Academic journal article American Academic & Scholarly Research Journal

The Effect of the Information Management Policy on the Growth of the Digital Economy: The Case of the Arab Spring

Academic journal article American Academic & Scholarly Research Journal

The Effect of the Information Management Policy on the Growth of the Digital Economy: The Case of the Arab Spring

Article excerpt

Abstract. This document will focus on identifying the effect of the formal Information Management policies during and after the political uprisings on the growth indicators of the digital economy, the research will study the Arab Spring case and the reformed Arab countries. The study aims to suggest strategic guidelines to support the governments of the Arab Spring with their new reformation plans regarding the digital economy as part of the whole economic reformation that emerged from the recent states changes; the goal is to propose ideas to align these information management strategies with the predefined goals of the Arab Spring uprisings to ensure that the nations requirements, especially the economic ones, from the new states are met.

Keywords: Arab Spring, Arab Digital Economy, Arab E-Commerce, E-Commerce Strategies.

(ProQuest: ... denotes non-US-ASCII text omitted.)

1 INTRODUCTION

It's with no doubt that the latest political unrest in the Middle East and North Africa (MENA) region, the event that was formally named as "The Arab Spring", did rise from the built frustration over the years due to the slow development rates, which caused recession in the living standards of the population, and it was of no surprise that the participation of the Tunisian citizens in the uprising demonstrations extended rapidly after the incident of Mohammed Bouazizi accident , Bouazizi was a fruit vendor who set himself ablaze to protest the police corruption, an event that stoked the revolution. Soon after this accident, there was another scene for the Tunisian revolution; this scene was the internet community. According to LOTAN et al. (2011), between the periods of 12-19 January, 2011, there were almost 168,663 tweets posted on twitter related to Tunisian uprising, containing the words #sidibouzid" or "tunisia" initiated by 39,696 different users. YouTube also played a significant role in covering the Tunisian uprising, by January, 18, 2011 Over 30,000 videos were placed on YouTube tagged "Sidi Bouzid.", which was the city where mohammed Bouazizi set himself ablaze(Howard, 2011). The Egyptian online protests started soon after the Tunisian uprising, the starting point was through an organised protest in the 25th of January, 2011, the date of the national police day, the purpose of this protest was to object against the abuse from police and other economic situations related to corruption and unemployment as well,( LOTAN et al. 2011). The stimulating accident to this protest was a Facebook fan page named" We are all Khalid Said" which was created in June, 2010 to expose the brutal killing of an Egyptian citizen named "Khalid Said" at the hands of some police men in Egypt, moreover, the Egyptian uprising took various online aspects due to the past practice of expression using the different online expression tools such as blogs, online video channels, social media, and email channels (Saleh, 2012).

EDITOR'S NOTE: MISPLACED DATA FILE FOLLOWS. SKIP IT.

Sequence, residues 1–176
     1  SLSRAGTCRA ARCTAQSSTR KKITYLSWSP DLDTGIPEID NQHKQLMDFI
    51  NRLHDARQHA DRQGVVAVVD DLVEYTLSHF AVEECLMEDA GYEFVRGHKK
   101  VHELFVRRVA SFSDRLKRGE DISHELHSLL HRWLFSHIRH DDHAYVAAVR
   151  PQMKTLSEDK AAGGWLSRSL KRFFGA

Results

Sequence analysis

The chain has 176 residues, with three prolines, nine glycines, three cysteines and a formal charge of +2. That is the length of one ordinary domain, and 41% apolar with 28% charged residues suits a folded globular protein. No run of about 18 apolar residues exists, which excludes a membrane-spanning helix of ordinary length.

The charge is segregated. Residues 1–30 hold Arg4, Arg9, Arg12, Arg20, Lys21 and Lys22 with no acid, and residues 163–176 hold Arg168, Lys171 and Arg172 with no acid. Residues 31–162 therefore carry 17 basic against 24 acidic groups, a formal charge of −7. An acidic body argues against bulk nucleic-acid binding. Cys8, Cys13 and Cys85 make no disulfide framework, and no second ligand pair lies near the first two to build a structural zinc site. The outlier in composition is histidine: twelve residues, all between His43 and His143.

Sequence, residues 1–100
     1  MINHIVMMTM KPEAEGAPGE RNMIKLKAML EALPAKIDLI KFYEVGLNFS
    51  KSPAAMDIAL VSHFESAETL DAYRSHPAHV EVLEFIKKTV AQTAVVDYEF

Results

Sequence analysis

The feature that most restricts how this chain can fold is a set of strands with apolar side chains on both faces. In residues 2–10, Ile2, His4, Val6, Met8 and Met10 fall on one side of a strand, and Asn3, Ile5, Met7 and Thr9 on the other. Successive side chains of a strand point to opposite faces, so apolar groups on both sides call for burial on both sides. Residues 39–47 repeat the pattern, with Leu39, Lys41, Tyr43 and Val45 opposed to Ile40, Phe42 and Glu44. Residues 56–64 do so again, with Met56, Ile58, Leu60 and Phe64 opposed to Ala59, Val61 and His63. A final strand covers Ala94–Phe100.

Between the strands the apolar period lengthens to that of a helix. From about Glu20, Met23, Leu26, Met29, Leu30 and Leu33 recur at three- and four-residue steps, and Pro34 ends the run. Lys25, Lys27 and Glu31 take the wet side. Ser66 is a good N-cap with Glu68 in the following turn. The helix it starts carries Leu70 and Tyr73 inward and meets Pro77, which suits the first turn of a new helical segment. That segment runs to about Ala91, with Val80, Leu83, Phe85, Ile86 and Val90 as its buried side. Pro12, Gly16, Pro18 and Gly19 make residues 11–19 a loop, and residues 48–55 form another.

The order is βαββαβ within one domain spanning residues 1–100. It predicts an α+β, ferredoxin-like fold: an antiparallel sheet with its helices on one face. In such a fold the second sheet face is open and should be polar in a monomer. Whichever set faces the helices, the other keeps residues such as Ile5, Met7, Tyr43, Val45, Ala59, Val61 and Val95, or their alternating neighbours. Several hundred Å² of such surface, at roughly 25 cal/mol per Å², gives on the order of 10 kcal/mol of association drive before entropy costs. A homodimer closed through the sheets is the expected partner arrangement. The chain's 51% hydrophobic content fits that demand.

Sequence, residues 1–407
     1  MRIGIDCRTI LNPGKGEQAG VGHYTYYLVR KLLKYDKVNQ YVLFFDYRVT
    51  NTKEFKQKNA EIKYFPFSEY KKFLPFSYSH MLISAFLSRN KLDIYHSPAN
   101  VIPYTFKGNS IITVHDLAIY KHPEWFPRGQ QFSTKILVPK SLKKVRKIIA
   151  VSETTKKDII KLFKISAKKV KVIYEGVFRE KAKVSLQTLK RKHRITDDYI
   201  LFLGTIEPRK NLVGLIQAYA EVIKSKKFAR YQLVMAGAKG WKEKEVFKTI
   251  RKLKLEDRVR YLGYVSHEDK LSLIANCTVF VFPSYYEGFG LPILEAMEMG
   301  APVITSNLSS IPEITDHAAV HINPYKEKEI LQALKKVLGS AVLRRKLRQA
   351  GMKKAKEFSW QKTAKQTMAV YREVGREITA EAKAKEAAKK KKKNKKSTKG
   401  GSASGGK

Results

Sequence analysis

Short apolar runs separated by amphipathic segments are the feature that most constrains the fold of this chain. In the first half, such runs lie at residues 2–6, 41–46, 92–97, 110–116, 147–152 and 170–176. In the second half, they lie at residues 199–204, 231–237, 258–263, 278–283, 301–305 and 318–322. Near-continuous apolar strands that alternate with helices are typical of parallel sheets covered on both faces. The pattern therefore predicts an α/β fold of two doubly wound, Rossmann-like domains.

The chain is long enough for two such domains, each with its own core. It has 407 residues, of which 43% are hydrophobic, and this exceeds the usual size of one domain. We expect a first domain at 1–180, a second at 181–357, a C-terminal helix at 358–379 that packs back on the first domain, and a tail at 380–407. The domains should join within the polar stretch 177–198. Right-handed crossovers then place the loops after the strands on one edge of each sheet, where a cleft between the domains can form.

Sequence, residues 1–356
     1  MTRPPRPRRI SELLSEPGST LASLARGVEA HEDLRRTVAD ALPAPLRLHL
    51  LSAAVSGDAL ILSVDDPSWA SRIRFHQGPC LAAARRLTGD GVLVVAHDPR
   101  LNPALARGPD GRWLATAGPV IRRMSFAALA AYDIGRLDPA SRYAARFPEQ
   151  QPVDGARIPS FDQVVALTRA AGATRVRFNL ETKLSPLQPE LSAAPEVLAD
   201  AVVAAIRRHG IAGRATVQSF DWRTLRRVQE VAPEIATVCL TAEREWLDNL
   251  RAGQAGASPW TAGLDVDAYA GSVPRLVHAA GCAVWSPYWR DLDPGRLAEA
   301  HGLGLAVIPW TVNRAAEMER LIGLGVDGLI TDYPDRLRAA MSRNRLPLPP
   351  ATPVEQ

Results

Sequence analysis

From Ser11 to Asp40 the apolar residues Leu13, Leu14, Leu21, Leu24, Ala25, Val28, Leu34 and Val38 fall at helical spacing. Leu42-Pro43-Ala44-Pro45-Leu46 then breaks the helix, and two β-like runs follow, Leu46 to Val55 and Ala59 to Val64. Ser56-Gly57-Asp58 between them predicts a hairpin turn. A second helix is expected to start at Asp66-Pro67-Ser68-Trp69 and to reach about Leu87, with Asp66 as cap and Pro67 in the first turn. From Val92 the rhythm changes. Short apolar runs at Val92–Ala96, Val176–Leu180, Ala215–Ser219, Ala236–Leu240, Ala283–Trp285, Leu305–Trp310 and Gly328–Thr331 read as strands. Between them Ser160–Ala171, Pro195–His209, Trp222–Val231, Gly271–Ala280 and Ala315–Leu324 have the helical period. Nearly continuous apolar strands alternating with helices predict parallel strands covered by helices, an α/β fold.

The internet power continued to extend during the uprising period, for example, the number of Facebook users in Egypt increased from 4.7 million users to 6.65 million between January and April, 2011(Mubarak, 2011) to the extent that some activists named the Egyptian revolution as "the Facebook Revolution").

In Syria, despite the Cyberactivism in the political transformation that included different sorts of online censorship and legal consequences for anti regime online activities, YouTube videos that targeted the political and battles in Syria flooded the internet by July, 2011(Khamis, Gold, & Vaughn 2012).

Realizing the mobilization power of these online social tools, the regimes in the Arab Spring countries tried to overcome the capacity of the cyberactivism, for example the Egyptian regime decided to shut down the internet service between the periods of 25th January, to 2nd of February, 2011 in an attempt to stop the spread of anti regime media among the population (Tufekci, &Wilson, 2012), while online activists in Syria as well as in some other countries were subject to investigation and torturing to force them to expose their online accounts, such as Facebook and Skype ( Reporters without Borders, 2012) , in addition to other repressive strategies against the internet usage that were adopted by the Arab Spring countries in Tunisia, Libya, and Yemen, during and before the uprisings. …

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